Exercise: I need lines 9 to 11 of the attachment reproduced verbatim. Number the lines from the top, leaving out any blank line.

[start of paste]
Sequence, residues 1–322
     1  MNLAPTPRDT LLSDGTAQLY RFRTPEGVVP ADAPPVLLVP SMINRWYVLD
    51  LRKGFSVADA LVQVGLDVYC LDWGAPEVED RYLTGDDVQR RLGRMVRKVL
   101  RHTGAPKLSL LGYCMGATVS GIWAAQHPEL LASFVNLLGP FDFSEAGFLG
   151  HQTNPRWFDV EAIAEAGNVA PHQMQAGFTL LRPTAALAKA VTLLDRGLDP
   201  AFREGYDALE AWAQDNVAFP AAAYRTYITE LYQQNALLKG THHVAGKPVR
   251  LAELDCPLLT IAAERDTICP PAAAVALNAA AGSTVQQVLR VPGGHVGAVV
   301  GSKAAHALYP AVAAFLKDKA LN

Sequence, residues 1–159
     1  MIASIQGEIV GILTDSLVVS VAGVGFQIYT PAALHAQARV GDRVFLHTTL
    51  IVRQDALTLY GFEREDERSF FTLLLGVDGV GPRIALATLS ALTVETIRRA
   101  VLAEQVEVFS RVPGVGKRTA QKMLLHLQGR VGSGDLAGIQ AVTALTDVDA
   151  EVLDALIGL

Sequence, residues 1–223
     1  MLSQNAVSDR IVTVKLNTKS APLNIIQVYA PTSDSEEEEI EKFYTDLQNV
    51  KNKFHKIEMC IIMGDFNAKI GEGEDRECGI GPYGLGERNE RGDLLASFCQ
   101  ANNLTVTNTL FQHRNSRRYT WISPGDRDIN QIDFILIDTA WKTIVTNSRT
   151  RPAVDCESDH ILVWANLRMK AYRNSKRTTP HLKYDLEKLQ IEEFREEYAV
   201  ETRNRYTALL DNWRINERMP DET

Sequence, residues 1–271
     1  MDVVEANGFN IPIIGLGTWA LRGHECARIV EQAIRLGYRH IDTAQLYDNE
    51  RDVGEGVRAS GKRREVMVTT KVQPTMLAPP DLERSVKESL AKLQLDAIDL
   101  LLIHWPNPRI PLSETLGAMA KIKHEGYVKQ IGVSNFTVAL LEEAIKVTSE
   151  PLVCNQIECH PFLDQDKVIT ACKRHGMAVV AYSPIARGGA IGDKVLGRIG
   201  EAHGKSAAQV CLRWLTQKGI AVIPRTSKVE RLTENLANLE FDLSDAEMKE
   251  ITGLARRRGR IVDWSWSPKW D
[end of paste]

Sequence, residues 1–159
     1  MIASIQGEIV GILTDSLVVS VAGVGFQIYT PAALHAQARV GDRVFLHTTL
    51  IVRQDALTLY GFEREDERSF FTLLLGVDGV GPRIALATLS ALTVETIRRA